ASB’s Ben Speedy says farm business sustainability will become a far more significant factor in valuing, and lending, to an operation.
Farmers can expect farm lending in the future to be a more complex affair as climate change, nutrient and water regulations make lending decisions more than a simple cashflow exercise.
ASB general manager for rural banking Ben Speedy said as rural bankers talk with customers around kitchen tables, subjects like He Waka Eke Noa (HWEN) and farm environment plans (FEPs) are among the subjects coming up, alongside the usual cashflow budgets for the season.
“It can be a tricky conversation to get started, but once you get past any political perspectives it’s really valuable, with many of our customers welcoming the discussion and seeing the benefit,” Speedy said.
At present only about half the bank’s customers have FEPs, but he puts this partly down to timing.
All farms must have an environment plan completed by the end of 2024, under the Government’s policy, and banks are increasingly engaging customers about their understanding and obligations.
ASB has focused recently on enabling industry leaders to access innovative ‘sustainable’ finance facilities to help progress their ambitions, with Craigmore and Fortuna Group two of the first rural corporate customers to benefit.
ASB found that while many of its larger rural customers had an advanced sustainability vision with work already under way, they required support to develop a long-term strategy with the right metrics and targets to drive positive impact.
“We have developed a sustainable transition loan, aimed at providing specific support in developing strategies and plans with measurable targets. Fortuna Group and Craigmore were among the first examples of industry leaders to take advantage of this,” he said.
Craigmore is skewed towards overseas shareholders and is one of this country’s largest rural corporates operating across forestry, farming and horticulture. Speedy said as such it understands what investors are looking for in modern landowning corporates, in terms of sustainability and social expectations.
“For Craigmore and Fortuna Group it is going well beyond simple compliance – they both have strong visions in social as well as environmental performance,” he said.
He said it is accepted in the finance industry that whatever colour the Government is, carbon policy and emissions reduction targets are not going away.
Banks and other financial institutions have had this reinforced through recent legislation, to require them to report in line with the Task Force for Climate-Related Financial Disclosures (TCFD).
Acknowledged as a world-first, the law requires the financial sector to disclose the impacts of climate change on their business and how they will manage climate-related risks and opportunities.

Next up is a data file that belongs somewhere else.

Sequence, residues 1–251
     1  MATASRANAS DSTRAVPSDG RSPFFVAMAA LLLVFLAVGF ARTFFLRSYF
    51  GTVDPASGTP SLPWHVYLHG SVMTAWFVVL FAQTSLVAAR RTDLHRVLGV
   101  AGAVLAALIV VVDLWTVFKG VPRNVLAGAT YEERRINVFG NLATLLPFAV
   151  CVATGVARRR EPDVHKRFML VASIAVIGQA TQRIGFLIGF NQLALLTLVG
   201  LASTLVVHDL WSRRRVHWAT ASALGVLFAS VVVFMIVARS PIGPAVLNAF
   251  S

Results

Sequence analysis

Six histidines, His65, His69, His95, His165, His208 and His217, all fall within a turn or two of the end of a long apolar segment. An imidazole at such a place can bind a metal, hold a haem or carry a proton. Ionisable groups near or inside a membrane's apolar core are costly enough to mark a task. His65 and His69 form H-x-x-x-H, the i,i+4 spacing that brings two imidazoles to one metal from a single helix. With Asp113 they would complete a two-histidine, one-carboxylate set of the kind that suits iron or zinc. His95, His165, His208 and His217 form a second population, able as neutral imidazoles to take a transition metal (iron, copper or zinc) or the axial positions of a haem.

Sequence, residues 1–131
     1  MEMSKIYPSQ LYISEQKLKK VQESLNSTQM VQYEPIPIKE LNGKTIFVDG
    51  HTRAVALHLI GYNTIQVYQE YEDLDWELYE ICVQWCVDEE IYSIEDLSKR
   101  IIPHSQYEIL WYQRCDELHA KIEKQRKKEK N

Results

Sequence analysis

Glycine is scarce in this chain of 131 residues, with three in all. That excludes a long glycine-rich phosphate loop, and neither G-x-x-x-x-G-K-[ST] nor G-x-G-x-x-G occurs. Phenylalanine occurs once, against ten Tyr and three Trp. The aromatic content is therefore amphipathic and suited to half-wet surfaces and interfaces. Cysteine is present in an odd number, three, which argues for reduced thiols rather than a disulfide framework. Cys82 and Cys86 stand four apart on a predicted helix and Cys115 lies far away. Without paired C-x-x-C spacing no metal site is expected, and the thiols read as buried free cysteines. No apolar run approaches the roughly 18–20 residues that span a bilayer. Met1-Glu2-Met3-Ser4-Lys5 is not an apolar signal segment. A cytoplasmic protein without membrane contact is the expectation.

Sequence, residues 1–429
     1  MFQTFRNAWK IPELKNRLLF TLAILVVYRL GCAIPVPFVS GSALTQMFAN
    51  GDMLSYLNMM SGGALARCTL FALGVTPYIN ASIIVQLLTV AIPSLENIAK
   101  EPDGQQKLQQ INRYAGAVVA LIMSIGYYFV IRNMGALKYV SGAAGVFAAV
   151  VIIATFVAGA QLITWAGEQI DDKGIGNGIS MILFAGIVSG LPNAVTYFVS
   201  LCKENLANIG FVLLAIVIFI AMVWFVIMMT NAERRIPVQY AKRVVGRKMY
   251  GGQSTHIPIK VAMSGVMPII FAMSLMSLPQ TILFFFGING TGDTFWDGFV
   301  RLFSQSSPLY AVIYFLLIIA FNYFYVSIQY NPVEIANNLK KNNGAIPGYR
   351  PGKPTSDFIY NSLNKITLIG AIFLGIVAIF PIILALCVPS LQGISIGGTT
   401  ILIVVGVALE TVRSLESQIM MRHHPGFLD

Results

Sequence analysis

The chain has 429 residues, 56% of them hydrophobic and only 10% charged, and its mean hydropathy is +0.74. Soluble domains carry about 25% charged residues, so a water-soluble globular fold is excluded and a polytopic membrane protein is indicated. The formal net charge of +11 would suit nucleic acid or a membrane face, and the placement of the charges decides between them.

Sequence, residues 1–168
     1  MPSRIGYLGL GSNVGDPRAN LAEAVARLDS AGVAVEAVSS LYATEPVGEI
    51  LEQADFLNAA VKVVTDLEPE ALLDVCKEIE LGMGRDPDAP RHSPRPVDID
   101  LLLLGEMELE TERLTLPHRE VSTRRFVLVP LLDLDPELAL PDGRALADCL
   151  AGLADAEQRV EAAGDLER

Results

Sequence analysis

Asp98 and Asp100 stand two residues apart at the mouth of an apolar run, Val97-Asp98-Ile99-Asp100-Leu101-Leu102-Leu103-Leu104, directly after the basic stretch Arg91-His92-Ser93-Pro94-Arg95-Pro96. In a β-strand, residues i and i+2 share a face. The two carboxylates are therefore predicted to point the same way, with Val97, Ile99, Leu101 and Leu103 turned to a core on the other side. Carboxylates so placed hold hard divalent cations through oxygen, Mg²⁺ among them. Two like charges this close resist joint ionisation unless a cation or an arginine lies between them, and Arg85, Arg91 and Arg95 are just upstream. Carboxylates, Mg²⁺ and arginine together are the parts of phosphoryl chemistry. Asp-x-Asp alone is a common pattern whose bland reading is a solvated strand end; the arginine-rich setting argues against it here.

For the trading banks, one of their largest exposures lies with dairy farm clients.
“That can be tricky to articulate, that’s the banking system’s challenge,” he said.
“Agricultural lending is a significant proportion of most banks’ balance sheets. The answer is not banks stopping lending to farmers, but how we support a transition to a lower emissions economy, hence He Waka Eke Noa is of key interest to us.”
He said the bank must analyse two main climate change risks in relation to its rural lending.
The first, the physical risk of how a changed climate will affect land and productivity through increased extreme weather events, as well as longer-term chronic shifts, for example rainfall patterns.
While banks are exploring the potential physical impact of climate change on different regions and farm types in New Zealand, there is a lack of clear data on how this may impact productivity and financial performance.
“This underscores the importance of banks working alongside our customers to help them understand the likely impacts and what response will be most effective. We are talking long-term horizons, so there are real opportunities to grow our knowledge and build resilience by investing in the right things early on,” he said.
The second risk area involves the ‘transition’ risk. That is how the entire industry is going to reduce emissions to reach net zero by 2050.
He said this is a harder risk to understand, as there are currently limited proven options available to support a sustainable reduction in emissions without impacting financial viability.
As such, creating funding to explore and accelerate innovative solutions is extremely important to the industry.
He envisages a time when every property, including farms, will carry a risk score that will influence property values and banks’ ability to lend on them.
Future farm loans are already likely to be assessed on being the right land-use in the right place.
“An example of this is dairying in non-traditional dairy areas. Customers will need to be aware of the risk that when they want to sell the property in the future lending may not be as available for the next buyer if they want to maintain the current farming system on that land,” he said.
As government seeks discussion on carbon forests, Speedy said ASB’s position is not to lend for the establishment of permanent monocultural forests on productive farmland.
“We are very much about the right tree, right place. The recent change in government policy has obviously helped on this,” he said.
Overall, he emphasises ASB’s commitment to its farming customers and the wider industry.
The definition of a ‘progressive’ farmer differs significantly from how one would have been defined 20 years ago, he said.
“Farmers are extremely passionate about doing the best thing for their land and with the current high commodity values, many are in a good position to build sustainability and adapt to new requirements and demands,” he said.
“Yes, there are challenges – but as we get clarity on policy, I think there are great opportunities to embed the long-term resilience of the whole sector.”